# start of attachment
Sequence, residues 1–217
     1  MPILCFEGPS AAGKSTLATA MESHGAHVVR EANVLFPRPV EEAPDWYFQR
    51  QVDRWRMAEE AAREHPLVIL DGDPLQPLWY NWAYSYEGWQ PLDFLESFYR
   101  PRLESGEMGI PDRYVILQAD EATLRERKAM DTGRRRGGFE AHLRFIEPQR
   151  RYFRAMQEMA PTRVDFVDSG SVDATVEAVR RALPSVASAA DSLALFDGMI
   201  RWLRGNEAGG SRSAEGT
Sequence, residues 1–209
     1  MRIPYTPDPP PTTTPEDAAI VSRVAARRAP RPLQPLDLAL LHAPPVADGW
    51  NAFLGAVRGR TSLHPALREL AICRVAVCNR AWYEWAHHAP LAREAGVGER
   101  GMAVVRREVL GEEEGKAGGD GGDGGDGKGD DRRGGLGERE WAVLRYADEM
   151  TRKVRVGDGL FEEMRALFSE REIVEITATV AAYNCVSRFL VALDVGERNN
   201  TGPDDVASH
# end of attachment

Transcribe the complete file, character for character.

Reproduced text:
Sequence, residues 1–217
     1  MPILCFEGPS AAGKSTLATA MESHGAHVVR EANVLFPRPV EEAPDWYFQR
    51  QVDRWRMAEE AAREHPLVIL DGDPLQPLWY NWAYSYEGWQ PLDFLESFYR
   101  PRLESGEMGI PDRYVILQAD EATLRERKAM DTGRRRGGFE AHLRFIEPQR
   151  RYFRAMQEMA PTRVDFVDSG SVDATVEAVR RALPSVASAA DSLALFDGMI
   201  RWLRGNEAGG SRSAEGT
Sequence, residues 1–209
     1  MRIPYTPDPP PTTTPEDAAI VSRVAARRAP RPLQPLDLAL LHAPPVADGW
    51  NAFLGAVRGR TSLHPALREL AICRVAVCNR AWYEWAHHAP LAREAGVGER
   101  GMAVVRREVL GEEEGKAGGD GGDGGDGKGD DRRGGLGERE WAVLRYADEM
   151  TRKVRVGDGL FEEMRALFSE REIVEITATV AAYNCVSRFL VALDVGERNN
   201  TGPDDVASH